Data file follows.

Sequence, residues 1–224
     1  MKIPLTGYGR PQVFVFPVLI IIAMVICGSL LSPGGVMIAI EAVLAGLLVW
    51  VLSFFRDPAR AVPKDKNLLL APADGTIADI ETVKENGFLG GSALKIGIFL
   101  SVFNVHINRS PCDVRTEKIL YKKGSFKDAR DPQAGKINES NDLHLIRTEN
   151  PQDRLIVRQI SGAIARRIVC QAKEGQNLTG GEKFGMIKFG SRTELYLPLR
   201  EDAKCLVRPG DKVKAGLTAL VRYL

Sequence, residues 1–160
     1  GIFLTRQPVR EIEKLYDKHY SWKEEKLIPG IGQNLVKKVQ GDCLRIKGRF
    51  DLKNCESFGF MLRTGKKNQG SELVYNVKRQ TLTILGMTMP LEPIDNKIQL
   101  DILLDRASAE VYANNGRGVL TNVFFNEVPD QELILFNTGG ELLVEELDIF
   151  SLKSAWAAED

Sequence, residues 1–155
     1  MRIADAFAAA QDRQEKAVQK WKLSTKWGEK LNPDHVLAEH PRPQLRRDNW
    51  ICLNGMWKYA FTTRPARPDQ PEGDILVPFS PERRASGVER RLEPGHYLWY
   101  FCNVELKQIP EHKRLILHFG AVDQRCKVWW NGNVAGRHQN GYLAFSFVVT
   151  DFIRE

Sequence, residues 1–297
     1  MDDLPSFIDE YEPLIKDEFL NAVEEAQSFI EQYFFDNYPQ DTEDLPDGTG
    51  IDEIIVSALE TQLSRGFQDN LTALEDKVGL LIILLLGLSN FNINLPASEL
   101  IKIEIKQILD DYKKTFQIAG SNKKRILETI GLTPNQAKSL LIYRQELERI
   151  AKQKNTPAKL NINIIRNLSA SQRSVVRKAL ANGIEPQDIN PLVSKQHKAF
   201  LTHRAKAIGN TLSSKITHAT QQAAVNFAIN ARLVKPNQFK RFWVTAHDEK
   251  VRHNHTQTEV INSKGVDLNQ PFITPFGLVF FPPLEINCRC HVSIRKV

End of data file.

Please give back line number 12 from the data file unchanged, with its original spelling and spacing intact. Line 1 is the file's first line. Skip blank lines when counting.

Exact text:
Sequence, residues 1–155